Start with preheating your oven to 180° C(356° F).  Put the pastry on your baking tray and make holes on the pastry by using a fork.  You need to do this in order to prevent the dough to rise too much.  Then spread the crème fraiche over the pastry and put your onions, meat and tomatoes.  I don't recommend to put too much tomato on it, because it will make the pastry too juicy and then the flammkuchen won't be crispy enough.  Last step is to sprinkle the parsley on top and season with some salt and freshly milled black pepper.  Put it in the oven for about 15-18 minutes until the pastry is looking nice golden brown color.  Serve it warm.  Enjoy!

Friday, April 9, 2010

Aubergine Rice

Aubergine is my favorite vegetable on earth.  It's very tasty and you can make a lot of different dishes with it.  In the Turkish cuisine and in the Mediterranean kitchen, the aubergine has a very distinctive place.  It can easily be combined with any other vegetable, with cheese or meat.  I buy a couple of them every week.  They are kind of like olives to me.  I have to have them in my fridge just in case I run out of everything else.  Aubergines are always there to rescue me.  It was one of days where I didn't know what to cook.  Then I remembered my purple friends in the fridge.  I generally try to cook some rice or pasta or anything with grains to complete the meal for the kids.  Because mine love rice and pasta and pizza, just like all the other children.  This rice was a good idea to cook, especially because it combined vegetables and rice in the same dish and it was a success.
This actually is a typical Turkish rice (pilav), which I have learned from my mother.  When I was looking around for alternative recipes, I have seen that in most of them tomatoes were added to the rice.  I haven't used tomatoes here as I believe they will shadow the taste of aubergines here.

(Serves 6 as a side dish)

2 Aubergines ( peeled partially in stripes and chopped)
4 tablespoons of olive oil
1 medium onion chopped
about 250 g (1.5 cups) rice ( I used long grain white rice here)
about 600 ml (3 cups) water

about 1 teaspoon salt
2 tablespoons of chopped parsley to garnish

Start with stir-frying your aubergines with the olive oil in a non-stick deep pan over medium-high heat.  Don't worry if aubergines absorb all of the oil in the pan.  They will release the oil after they are cooked.  When they are done, take them out to a plate.  Put your onions in the same pan and using the oil that is left in the pan saute your onions.  After the onions are cooked, put your rice in and add the water and salt.  Put the lid on and cook it for about 20 minutes.  Check regularly in between if there is still some water left in the pan.  Right before almost all of the water is absorbed, turn off the heat, add the aubergines on top of the rice, cover the pan and leave the rice to rest for about 10-15 minutes. When it's ready, garnish it with chopped parsley leaves and serve.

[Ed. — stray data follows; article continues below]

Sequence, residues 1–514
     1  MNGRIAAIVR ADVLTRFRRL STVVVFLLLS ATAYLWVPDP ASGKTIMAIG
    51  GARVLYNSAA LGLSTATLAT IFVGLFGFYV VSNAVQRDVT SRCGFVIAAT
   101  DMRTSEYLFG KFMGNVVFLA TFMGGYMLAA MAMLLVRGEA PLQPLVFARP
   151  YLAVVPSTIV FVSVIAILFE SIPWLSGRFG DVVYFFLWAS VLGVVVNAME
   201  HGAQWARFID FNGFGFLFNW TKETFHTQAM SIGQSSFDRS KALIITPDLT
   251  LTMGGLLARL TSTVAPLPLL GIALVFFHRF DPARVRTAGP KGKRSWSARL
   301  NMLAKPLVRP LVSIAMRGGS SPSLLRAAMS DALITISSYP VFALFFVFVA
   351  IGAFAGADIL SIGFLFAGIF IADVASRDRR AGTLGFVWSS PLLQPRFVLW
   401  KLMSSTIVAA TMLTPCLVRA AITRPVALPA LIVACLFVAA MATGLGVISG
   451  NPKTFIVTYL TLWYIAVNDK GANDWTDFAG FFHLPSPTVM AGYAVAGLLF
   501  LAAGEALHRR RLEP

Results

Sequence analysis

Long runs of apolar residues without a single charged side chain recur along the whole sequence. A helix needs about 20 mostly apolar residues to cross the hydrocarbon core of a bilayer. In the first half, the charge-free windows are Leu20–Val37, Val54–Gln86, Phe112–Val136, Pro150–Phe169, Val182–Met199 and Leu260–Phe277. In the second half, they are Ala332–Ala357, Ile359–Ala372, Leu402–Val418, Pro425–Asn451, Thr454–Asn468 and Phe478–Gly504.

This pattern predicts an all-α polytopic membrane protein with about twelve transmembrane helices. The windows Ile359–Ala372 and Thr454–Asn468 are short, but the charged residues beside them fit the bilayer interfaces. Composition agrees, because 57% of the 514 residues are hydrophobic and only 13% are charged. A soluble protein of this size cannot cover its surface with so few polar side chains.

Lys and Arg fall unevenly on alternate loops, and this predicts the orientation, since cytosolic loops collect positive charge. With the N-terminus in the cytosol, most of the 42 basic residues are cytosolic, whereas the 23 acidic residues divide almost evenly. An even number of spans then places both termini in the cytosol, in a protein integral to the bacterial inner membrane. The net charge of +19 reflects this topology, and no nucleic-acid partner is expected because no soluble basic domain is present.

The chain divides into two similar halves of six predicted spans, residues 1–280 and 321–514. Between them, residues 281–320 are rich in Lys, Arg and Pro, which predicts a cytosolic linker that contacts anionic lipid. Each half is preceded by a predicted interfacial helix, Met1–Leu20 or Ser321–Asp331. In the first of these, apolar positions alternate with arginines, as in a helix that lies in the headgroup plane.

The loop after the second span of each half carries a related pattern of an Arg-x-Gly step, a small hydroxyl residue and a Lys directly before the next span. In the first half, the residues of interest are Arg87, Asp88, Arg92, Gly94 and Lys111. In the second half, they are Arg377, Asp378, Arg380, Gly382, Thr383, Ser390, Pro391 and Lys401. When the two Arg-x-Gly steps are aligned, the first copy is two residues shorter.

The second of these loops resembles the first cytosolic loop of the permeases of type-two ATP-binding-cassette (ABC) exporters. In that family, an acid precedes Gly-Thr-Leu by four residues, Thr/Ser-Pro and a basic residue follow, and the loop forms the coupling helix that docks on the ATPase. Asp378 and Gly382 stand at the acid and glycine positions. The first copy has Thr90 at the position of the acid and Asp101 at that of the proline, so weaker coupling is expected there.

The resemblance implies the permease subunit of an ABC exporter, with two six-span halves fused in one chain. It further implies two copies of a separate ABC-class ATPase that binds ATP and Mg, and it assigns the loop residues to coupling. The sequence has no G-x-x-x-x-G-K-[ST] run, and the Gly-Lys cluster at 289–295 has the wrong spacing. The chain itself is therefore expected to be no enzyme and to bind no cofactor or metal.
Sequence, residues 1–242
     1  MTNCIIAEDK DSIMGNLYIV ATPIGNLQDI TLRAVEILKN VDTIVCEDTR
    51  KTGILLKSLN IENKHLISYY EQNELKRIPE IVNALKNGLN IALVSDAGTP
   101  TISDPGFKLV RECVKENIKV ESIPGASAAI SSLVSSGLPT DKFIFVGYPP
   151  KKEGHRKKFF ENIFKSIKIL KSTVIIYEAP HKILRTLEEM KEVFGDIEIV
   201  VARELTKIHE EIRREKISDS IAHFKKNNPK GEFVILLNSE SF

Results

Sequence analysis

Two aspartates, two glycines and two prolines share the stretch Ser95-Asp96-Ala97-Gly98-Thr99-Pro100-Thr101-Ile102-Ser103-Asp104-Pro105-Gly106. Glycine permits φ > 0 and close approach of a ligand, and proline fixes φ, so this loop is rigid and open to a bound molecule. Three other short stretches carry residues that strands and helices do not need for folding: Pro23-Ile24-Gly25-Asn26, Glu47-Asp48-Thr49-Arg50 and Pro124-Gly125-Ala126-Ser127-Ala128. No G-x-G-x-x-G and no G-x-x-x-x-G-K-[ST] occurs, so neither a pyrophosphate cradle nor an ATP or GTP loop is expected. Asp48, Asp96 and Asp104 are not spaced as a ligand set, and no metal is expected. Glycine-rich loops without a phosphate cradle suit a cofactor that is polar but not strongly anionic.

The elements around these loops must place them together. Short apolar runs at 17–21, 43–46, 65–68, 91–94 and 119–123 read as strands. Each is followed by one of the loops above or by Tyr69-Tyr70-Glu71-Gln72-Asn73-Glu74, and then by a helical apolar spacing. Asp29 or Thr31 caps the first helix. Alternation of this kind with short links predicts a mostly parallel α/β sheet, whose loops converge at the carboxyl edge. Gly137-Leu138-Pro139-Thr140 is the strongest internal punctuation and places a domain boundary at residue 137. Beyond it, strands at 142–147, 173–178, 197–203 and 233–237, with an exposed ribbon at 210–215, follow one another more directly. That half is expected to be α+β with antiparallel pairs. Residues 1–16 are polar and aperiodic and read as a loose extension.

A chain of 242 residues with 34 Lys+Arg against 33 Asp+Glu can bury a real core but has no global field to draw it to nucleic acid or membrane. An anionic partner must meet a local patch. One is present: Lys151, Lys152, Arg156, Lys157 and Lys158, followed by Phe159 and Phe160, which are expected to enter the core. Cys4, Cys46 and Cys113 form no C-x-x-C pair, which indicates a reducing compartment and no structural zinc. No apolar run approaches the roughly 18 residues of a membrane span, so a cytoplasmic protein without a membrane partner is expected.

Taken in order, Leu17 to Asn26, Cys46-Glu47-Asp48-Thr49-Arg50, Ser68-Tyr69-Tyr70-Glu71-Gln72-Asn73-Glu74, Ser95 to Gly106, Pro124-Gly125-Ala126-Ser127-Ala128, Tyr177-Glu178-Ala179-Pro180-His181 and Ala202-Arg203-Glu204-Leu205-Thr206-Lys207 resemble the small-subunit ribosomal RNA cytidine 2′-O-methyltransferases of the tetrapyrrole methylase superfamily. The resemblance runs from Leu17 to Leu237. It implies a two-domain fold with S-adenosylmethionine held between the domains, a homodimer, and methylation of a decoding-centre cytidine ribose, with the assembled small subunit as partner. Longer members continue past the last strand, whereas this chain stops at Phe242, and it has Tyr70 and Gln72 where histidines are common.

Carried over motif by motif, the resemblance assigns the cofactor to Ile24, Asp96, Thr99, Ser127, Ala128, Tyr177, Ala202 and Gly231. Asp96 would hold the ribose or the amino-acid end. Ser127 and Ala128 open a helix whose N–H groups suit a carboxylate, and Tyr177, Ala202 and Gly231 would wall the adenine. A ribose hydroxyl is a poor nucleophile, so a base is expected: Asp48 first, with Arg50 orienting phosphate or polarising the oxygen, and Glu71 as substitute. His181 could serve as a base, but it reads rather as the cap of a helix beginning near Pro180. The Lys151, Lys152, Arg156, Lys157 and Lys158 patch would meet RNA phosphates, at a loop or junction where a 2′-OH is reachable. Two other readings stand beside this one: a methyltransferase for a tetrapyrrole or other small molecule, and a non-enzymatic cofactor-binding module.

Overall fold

Wednesday, April 7, 2010

Tomato and Red Onion Salad

I had this in London many many years ago.  It was the first time I was visiting the city during my first travel to Europe and it was the first time I've been outside my home country.  Too many first times of everything, I have been on the road for about 10 days and have eaten in various hotels and restaurants in Europe.  I have never eaten outside my own country before so I wasn't very used to all European food.  By the time I was in London, I have already started craving for something fresh, something Mediterranean, something that had olives or tomatoes or feta cheese or fresh onions in it.  We found a restaurant that looked very good and I saw a tomato salad in the menu.  I instantly thought it was "the tomato salad", the Turkish kind.  In the end how many kinds of tomato salads could there be? How wrong was I?  There was a plate of sliced tomatoes, then couple of red onion rings that were randomly placed on top.  I was slightly disappointed, because there were no cucumbers, no peppers, nothing else in it.  Then they brought some balsamic vinegar and olive oil.  That made that salad divine, which made it worth in the end.  I never forgot this salad and made different versions since.  When I saw some fresh basil in the market last week, I thought of making the classic mozzarella salad with fresh tomatoes and basil, but then I remembered this salad.  It goes really well with a spring or summer BBQ and takes about 5 minutes to make.  You only have to have very nice and tasty tomatoes to make it with.  This one here is enough to serve 2.